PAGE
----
A Day in the Life of a Patient

November 30, 2022 • Posted in Blog

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D. Joy Riley, M.D., M.A.
Executive Director

30 November 2022

Her son asked if I could be there by 9:00 A.M., when the hospitalist would likely make rounds. I agreed, and made the three-hour journey on a Monday in November. My friend was the patient, and I, a visitor. What I saw in the ensuing hours made me beyond sad.

A nurse came in to “take her vitals.” That meant she wheeled in a cart with various measuring components: a wristband to measure blood pressure, a probe to take the patient’s temperature, and a pulse oximeter to measure blood oxygen content. The patient was wearing a heart monitor, so the pulse rate was readily accessible. The only “vital” to be taken manually was to count her respirations. An assistant did that. While the temperature was taken, the nurse was not watching the insertion of the probe, but the machine to see the temperature register. The patient was uncomfortable, but the nurse did not notice. I suggested she “check the probe,” and she adjusted it.

Before the nurse left, someone from housekeeping came into the room. She sprayed some fluid on the sink near the entry to the room, wiped it, and then emptied the trash can. She gave a quick look into the bathroom, but there was no time spent cleaning that room. 

About that time, someone from dietary came to obtain an order for lunch and dinner. The offerings were meager: liquids, including Ensure, and perhaps some crackers. Even so, the taking of these unappetizing orders took several minutes – much longer than the housekeeping visit.

Finally the doctor arrived. He asked how the patient was feeling, and did a brief exam. The patient said that her feet and legs were swelling. The doctor replied that the patient’s liver was not producing enough protein, so the legs and feet were understandably swollen. 

Later in the day, a nurse practitioner from the oncology practice came to see the patient. When the patient asked about what was to be done, she was told, “We are VERY WORRIED that we do not have a therapy that would help.” This was done three times – with the health care professional’s eyes closed each time. She would then open her eyes and offer a one-time trial of a reduced-dose of a cytotoxic chemotherapy, and tell the patient it was up to her to decide if she wanted to try it or not.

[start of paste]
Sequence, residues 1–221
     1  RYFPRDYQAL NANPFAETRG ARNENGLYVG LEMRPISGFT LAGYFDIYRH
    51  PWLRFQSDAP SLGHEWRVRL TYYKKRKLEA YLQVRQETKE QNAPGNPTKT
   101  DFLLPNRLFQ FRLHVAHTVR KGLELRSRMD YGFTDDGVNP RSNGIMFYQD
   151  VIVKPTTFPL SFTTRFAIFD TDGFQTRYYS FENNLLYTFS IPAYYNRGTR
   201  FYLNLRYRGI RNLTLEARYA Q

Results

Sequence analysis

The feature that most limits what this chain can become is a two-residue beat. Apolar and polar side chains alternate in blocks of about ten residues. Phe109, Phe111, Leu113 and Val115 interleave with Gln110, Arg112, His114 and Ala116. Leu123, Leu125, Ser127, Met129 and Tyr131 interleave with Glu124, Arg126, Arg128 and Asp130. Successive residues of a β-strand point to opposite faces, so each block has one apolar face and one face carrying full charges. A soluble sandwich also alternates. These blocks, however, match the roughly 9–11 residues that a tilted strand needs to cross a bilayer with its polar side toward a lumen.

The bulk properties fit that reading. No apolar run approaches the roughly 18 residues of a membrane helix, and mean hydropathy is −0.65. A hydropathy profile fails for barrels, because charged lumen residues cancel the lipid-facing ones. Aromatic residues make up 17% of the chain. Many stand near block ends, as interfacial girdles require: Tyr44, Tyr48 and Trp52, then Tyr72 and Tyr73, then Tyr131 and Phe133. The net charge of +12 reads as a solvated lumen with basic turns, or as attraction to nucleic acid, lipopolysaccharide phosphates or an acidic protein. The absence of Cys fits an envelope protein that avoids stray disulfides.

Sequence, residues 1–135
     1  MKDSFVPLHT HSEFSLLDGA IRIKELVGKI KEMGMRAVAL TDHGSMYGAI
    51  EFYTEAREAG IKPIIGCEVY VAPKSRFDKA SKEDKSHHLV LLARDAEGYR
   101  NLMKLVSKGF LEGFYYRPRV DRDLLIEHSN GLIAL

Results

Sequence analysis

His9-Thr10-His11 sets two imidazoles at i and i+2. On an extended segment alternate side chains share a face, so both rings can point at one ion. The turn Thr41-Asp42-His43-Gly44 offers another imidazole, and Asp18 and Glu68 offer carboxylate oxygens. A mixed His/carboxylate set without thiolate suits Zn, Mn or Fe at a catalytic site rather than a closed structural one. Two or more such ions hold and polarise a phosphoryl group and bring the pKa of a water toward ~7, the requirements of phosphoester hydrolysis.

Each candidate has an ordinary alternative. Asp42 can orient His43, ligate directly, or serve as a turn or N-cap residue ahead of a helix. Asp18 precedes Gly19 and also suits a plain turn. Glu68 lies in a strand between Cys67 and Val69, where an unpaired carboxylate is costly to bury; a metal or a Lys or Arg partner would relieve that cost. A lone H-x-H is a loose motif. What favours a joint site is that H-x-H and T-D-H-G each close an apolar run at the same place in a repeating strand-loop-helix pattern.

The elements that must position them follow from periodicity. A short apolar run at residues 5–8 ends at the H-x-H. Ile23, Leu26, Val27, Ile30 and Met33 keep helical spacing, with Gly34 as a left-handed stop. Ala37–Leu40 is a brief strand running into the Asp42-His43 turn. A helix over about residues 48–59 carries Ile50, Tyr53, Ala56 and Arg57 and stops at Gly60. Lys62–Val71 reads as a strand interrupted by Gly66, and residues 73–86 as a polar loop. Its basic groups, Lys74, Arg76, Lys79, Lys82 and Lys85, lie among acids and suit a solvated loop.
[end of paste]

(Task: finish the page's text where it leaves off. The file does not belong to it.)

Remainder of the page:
The day was punctuated by more visits by professionals for “vitals,” the giving of pain meds, and the transfusion of blood. None of these brightened the face of my friend, although the medications did relieve some of her pain, and the blood transfusions gave her some temporary increase of energy. 

What brightened the face of my friend was to spend time with her family members and friends. Thankfully, these spent large amounts of time at the bedside. She was rarely alone. I re-learned the importance of shared meals. One afternoon, after her tray was delivered, she asked me to go to the cafeteria, get lunch for myself, and bring it back to her room. I did, and we ate a meal together as we have often done over the years. This woman knew what good medicine was – and wasn’t.

Allen Verhey talks about “medicalized” dying in his book, The Christian Art of Dying. It is the particular way of seeing death as “the great enemy to be defeated by the greater powers of science and medicine” (p. 3). Moreover, it “usually happens in a hospital, in a sterile environment, and in the company of technology and the medical experts who know how to use it. Little wonder, then, that death has been reduced to a medical event and that the art of dying well has largely been lost.” 

Verhey continues, 

In diagnosis, medicine fixes its objective gaze on the body and sees the body as an object. In therapy, medicine treats the body as a manipulable object. The “person” sometimes gets lost – and so indeed does the body. . .

Death threatens to alienate us from our own flesh, from our communities, and from God. (pp. 16-17)

Thankfully for my friend, the care plan changed. Somehow, it was finally agreed that a cytotoxic chemotherapy for her aggressive cancer was not the answer. Her family saw fit to transfer her to a skilled nursing facility where she had round-the-clock nursing available, and to enter her into hospice. Although her time was a short few weeks, she was in a more comfortable environment, and family and friends were with her constantly. We all held her hands a lot, and traded stories from our memory banks. Those were good and important times. She did not die alone, but was surrounded by five persons, known to and loved by her and one another.